‘Undercooked’ Green Deal could damage green investor confidence

The Managing Director of Liverpool-based renewable energy specialists Eco Environments, David Hunt, has warned Ministers that they face an uphill battle to convince businesses and consumers to invest in the “undercooked” Green Deal.

Speaking at the Energy Solutions summit in London, Hunt said: “The Green Deal was never intended as a driver for renewable technologies, that is the role of feed-in-tariffs and the Renewable Heat Incentive. But energy efficiency is critical for homes, businesses and UK PLC to reduce its carbon footprint and energy use. The Green Deal should be the ideal opportunity to support and address this issue, but we are facing a very undercooked policy becoming live and a Government that is not listening.

“The big problem is that not only could this be a massive economic wasted opportunity; it would once again spook investors from engaging with other essential renewable and energy efficiency projects.”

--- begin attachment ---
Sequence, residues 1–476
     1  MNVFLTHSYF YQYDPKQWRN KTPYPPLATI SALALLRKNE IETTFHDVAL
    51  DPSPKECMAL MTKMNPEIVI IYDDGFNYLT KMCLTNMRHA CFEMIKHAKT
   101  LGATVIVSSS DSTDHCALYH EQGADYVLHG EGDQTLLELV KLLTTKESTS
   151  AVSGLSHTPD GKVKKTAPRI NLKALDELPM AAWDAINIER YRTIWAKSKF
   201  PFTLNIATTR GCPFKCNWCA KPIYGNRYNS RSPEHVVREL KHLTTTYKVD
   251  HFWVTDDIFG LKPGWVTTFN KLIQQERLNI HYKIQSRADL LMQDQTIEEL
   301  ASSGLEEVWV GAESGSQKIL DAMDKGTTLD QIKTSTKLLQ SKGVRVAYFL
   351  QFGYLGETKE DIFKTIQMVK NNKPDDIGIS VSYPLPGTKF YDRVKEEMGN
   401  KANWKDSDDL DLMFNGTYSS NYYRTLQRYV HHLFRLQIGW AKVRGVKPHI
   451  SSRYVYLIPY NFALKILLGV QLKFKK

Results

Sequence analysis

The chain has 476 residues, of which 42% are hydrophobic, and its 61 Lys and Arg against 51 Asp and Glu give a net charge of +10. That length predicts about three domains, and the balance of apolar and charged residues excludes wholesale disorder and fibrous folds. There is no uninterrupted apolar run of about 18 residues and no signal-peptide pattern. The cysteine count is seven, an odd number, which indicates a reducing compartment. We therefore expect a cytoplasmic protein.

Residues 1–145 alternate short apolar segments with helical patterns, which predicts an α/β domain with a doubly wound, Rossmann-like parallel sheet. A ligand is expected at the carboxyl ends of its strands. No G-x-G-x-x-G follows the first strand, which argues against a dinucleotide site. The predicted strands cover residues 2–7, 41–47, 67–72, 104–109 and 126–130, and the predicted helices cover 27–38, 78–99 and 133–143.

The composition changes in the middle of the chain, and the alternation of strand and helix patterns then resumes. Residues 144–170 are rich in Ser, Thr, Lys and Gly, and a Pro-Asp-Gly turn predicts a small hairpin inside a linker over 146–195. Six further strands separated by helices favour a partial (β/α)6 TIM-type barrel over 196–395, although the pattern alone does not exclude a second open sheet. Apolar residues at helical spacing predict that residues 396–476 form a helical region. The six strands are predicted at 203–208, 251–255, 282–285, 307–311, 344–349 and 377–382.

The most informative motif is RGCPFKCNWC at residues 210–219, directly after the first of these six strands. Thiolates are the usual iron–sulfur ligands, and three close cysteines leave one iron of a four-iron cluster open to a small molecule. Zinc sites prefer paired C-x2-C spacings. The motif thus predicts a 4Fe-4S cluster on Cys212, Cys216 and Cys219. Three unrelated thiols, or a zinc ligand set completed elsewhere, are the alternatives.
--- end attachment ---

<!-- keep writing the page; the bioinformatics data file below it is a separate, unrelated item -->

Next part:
Referring to the legally-flawed cuts to the feed-in tariff, Hunt added: “It is not so much the tariff levels that have had such negative impacts, more the uncertainty caused in investors, from infrastructure scale to commercial and even domestic-sized projects. The battle between the Department of Energy and Climate Change, who have learnt lessons from the past, and the Treasury is making everyone uneasy.

“We need to see a Government listening to the industry and we need to a Treasury seeing the growth opportunities the CBI sees. Only then will we see the Renewable Revolution needed in the UK. It is already happening elsewhere the world over and we’re losing ground – and facing blackouts.”

Hunt’s comments follow the publication of a series of guides and step-by-step documents to help explain the Green Deal to the public. The Minister for Energy and Climate Change, Greg Barker, called the Green Deal, “quite simply Britain’s most ambitious home improvement programme ever” in his speech at the Conservative party conference yesterday.

Barker defended the energy efficiency scheme stating: “[The Green Deal is] available to everyone from home-owning pensioner to the student in a rented flat. Aspirational in its appeal, it will help people make their homes warmer, cosier and nicer places to live, offering home improvements, that to date have been completely out of reach to millions of families. That's the Conservative Green Deal we pioneered in Opposition and are delivering in Government.”

Despite being the Coalition’s flagship green policy, David Cameron failed to mention the Green Deal at all during his address to the Conservative Party conference. Indeed, the Prime Minister only made fleeting remarks around the green economy, praising the UK’s offshore wind and marine power markets.